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Major funding awarded to improve treatment of drug-resistant tuberculosis and HIV co-infection

July 23, 2010 (BRONX, NY) For the third time in four months, the National Institute of Allergy and Infectious Diseases (NIAID) of the National Institutes of Health (NIH) has awarded Albert Einstein College of Medicine of Yeshiva University a research grant aimed at helping people infected with multidrug-resistant tuberculosis (MDR-TB). Taken together, all three NIH grants total $8.57 million.

The latest awardee Neel Gandhi, M.D., assistant professor of medicine and of epidemiology & population health at Einstein received a five-year, $4 million grant for the first-ever prospective study of antiretroviral therapy for people in South Africa who are co-infected with MDR-TB and HIV, the virus that causes AIDS. "Recent studies have shown that Africa is now facing a rising incidence of people infected with MDR-TB as well as HIV, raising concerns of a catastrophic convergence of the two epidemics," said Dr. Gandhi, the study's principal investigator.

According to the Joint United Nations Programme on HIV/AIDS, an estimated 5.7 million people in South Africa are living with HIV and AIDS - the highest prevalence of any country in the world. TB patients co-infected with HIV face an increased risk of developing active TB disease because HIV infection impairs the ability of the immune system to combat TB.

"No one has looked at how best to treat these patients," said Dr. Gandhi. "The goal of our study is to gather evidence that will guide clinical practice and public health policy for MDR-TB/HIV disease worldwide."

The study will examine whether adding antiretroviral therapy (ART) to MDR-TB therapy is helpful for people with MDR-TB/HIV. While ART has markedly improved survival for people with HIV who are infected with drug-susceptible TB, it is not known how well the therapy will work for those infected with drug-resistant TB.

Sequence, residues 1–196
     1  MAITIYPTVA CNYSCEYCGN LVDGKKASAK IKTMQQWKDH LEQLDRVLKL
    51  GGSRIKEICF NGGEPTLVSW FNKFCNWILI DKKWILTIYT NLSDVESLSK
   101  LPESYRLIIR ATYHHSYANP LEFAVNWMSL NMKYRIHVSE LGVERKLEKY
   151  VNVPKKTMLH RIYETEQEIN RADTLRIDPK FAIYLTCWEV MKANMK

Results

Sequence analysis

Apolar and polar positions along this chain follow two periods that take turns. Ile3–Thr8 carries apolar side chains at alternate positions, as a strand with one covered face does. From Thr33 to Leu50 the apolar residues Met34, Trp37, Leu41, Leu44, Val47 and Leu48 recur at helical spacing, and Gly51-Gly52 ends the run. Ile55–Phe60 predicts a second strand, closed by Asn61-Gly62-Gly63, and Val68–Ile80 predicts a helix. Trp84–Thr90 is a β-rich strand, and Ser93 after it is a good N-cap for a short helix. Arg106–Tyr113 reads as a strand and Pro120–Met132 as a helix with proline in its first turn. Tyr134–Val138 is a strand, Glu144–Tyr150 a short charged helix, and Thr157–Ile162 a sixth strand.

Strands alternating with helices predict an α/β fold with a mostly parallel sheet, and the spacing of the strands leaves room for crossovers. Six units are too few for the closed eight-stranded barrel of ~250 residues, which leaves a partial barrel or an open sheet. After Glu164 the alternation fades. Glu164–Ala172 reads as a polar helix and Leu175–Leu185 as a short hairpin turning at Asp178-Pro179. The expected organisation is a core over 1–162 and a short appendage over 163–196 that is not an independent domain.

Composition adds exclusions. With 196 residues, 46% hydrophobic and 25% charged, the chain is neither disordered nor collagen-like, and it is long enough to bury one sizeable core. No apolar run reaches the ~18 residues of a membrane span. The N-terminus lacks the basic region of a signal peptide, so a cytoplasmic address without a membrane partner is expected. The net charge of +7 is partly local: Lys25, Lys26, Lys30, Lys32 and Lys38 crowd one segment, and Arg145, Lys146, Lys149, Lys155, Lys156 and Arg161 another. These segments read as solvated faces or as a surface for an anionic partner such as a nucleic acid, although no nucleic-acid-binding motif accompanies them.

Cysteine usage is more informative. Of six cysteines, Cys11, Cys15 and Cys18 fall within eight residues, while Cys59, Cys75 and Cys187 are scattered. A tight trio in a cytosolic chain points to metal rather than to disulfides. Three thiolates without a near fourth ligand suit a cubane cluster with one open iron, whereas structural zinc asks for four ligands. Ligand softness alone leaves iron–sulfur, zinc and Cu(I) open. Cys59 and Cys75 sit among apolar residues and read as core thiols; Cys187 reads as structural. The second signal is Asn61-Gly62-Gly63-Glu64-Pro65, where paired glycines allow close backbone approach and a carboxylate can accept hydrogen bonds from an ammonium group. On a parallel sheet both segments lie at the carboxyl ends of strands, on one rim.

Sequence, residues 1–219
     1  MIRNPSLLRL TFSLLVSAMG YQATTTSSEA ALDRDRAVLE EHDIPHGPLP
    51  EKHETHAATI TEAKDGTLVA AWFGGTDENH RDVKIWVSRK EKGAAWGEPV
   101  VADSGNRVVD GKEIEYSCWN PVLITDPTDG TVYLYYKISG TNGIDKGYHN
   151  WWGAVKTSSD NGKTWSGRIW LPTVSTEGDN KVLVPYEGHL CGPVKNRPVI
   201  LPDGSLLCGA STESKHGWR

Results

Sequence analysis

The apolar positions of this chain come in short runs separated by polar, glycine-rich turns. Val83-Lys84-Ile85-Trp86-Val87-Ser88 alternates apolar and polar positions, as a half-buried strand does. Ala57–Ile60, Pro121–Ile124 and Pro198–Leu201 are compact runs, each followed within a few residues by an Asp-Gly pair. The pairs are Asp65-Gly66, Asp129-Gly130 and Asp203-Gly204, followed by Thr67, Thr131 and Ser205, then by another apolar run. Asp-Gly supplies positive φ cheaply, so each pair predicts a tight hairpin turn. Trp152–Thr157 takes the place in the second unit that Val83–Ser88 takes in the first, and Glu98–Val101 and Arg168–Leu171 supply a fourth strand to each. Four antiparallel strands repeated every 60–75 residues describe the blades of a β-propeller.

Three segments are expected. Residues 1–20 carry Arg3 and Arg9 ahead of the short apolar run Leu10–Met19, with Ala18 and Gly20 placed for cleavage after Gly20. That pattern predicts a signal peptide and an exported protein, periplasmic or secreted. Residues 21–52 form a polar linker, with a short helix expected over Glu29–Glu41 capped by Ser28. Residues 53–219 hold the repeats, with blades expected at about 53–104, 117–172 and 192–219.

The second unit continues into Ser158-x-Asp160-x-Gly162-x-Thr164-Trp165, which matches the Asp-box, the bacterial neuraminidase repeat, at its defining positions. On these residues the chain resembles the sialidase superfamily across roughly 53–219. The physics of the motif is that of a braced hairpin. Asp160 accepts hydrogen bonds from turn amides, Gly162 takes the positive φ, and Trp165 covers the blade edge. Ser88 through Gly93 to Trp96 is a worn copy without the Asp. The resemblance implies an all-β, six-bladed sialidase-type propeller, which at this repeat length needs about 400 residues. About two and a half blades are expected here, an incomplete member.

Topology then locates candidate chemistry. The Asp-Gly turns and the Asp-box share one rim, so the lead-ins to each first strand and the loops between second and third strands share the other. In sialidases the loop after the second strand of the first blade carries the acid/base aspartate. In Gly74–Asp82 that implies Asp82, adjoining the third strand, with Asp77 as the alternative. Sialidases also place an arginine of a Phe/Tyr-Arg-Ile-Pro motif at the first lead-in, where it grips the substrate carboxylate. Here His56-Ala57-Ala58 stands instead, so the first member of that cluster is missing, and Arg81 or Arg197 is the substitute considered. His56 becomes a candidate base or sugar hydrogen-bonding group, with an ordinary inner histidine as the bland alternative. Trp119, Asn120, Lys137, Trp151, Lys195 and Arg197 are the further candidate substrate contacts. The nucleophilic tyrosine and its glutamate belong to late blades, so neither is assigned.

The study will involve 350 patients who live in the Tugela Ferry area of KwaZulu-Natal, South Africa where South African health officials estimate nearly 39 percent of pregnant women are infected with HIV. One hundred and fifty patients co-infected with MDR-TB and HIV will be given ART plus treatment for MDR-TB; their outcomes, as well as adverse events and their adherence to therapy, will be compared with: (a) 50 controls that have MDR TB, but not HIV, and (b) 150 controls that have drug-susceptible TB and HIV co-infection.

The control group patients will all receive TB therapy, and the 150 control patients with drug-susceptible TB and HIV co-infection will also receive ART. All patients will be followed for three years.

South Africa has the highest burden of HIV worldwide and a rapidly expanding MDR-TB epidemic. In South Africa and in other regions, co-infection with MDR-TB and HIV has been associated with exceedingly high mortality − up to 80 percent at one year.

In April, Einstein scientists were awarded a five-year, $3.9 million grant from the NIAID to study how extensively drug-resistant tuberculosis (XDR-TB) is transmitted in rural South Africa. "The findings could alter public health approaches for controlling the XDR-TB epidemic in the developing world," said principal investigator Sarita Shah, M.D., M.P.H., assistant professor of medicine and of epidemiology & population health.

In May, James Brust, M.D., assistant professor of medicine, received a five-year, $665,000 NIAID Career Development Award to evaluate a novel, home-based treatment program he developed for patients co-infected with HIV and MDR-TB in rural South Africa. Until recently, MDR-TB was treated at centralized TB referral hospitals, with patients admitted for six months of treatment. However, with growing numbers of MDR-TB patients and limited healthcare infrastructure, this centralized approach is no longer working.


Contact: Deirdre Branley
Albert Einstein College of Medicine

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